Ha-ha, just kidding. I’m not going to be arguing for piracy, but I do want to make one observation about how our industry is dealing with this issue. Some commentators have been talking recently about the massive piracy afflicting the launch of Demigod. According to Stardock’s Brad Wardell, of the 140,000 connections to the main server during the game’s first week, only 18,000 were by legitimate customers. This ratio compares favorably (or is that unfavorably?) with the 90% piracy rate reported by the developers of World of Goo. I don’t want to comment on the viability of various DRM schemes, but – needless to say – unless a game is server-based (WoW, EVE, EverQuest), piracy is a bracing reality for game developers. However, I have an unscientific theory about the root of the problem:
For any given game, only around 10% of players are ever willing to purchase an original retail product.
Obviously, this proposition holds up for PC gaming, but I believe the same is true for console gaming (housemates sharing a copy, renting from Blockbuster over a weekend, friends loaning each other games, grabbing a cheap used copy from Gamestop) and even board games (one gamer buying a copy for a group of friends). This reality is immutable – if DRM was perfect, the percentage would go up somewhat, but it would never come anywhere near 100%. Too many games exist for consumers to afford even a small percentage of them, and – more importantly – players’ individual interests in a specific game are always on a continuum. People on one extreme found a website about their favorite game while gamers on the other end might play it only once on a random Tuesday night at a friend’s house.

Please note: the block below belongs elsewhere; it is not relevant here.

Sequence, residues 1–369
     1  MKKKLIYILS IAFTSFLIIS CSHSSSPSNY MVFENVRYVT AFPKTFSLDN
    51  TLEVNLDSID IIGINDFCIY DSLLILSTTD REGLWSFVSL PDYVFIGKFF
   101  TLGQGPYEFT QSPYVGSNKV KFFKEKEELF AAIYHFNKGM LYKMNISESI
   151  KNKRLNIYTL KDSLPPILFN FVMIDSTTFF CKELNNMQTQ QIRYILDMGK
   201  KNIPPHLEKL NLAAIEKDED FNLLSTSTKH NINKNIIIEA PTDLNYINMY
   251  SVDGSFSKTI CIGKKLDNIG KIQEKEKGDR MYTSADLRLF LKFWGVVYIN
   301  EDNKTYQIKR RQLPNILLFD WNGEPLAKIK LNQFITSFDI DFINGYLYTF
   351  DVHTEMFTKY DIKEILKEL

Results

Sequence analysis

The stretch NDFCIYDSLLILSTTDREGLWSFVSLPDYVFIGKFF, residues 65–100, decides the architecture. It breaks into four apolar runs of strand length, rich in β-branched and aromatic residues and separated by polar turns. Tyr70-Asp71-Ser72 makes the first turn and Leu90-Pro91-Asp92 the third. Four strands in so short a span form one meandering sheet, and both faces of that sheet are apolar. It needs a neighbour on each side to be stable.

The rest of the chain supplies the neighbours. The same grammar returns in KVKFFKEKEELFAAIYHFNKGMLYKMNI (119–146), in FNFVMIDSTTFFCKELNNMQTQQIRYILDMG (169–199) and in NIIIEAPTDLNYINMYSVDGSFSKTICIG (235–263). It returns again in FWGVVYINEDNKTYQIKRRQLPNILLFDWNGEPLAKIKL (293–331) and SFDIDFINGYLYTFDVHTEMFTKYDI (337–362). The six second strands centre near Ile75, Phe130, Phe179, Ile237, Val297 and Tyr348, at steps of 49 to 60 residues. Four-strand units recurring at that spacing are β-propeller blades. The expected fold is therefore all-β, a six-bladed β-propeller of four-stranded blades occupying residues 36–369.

The interesting thing about this percentage is that it mirrors another important percentage – the number of players willing to pay money on so-called free-to-play game usually hovers near 5-10%. (RuneScape, a F2P example on the higher-end, has reported figures around 12%.) The important thing about the free-to-play movement is that the business model turns the theory I posited above into a founding principle. In fact, the smartest F2P games use a dual-currency system so that the 5-10% cash-rich players can subsidize the time-rich ones. Ultimately, this model works because a place exists for everyone on the continuum, from gamers who just want to dip a toe to ones willing to drop thousands on microtransactions. Launching a traditional retail game and hoping to change your “piracy conversion” rate is fighting the current; launching a free-to-play game built from the start with multiple levels of player commitment is sailing with the current.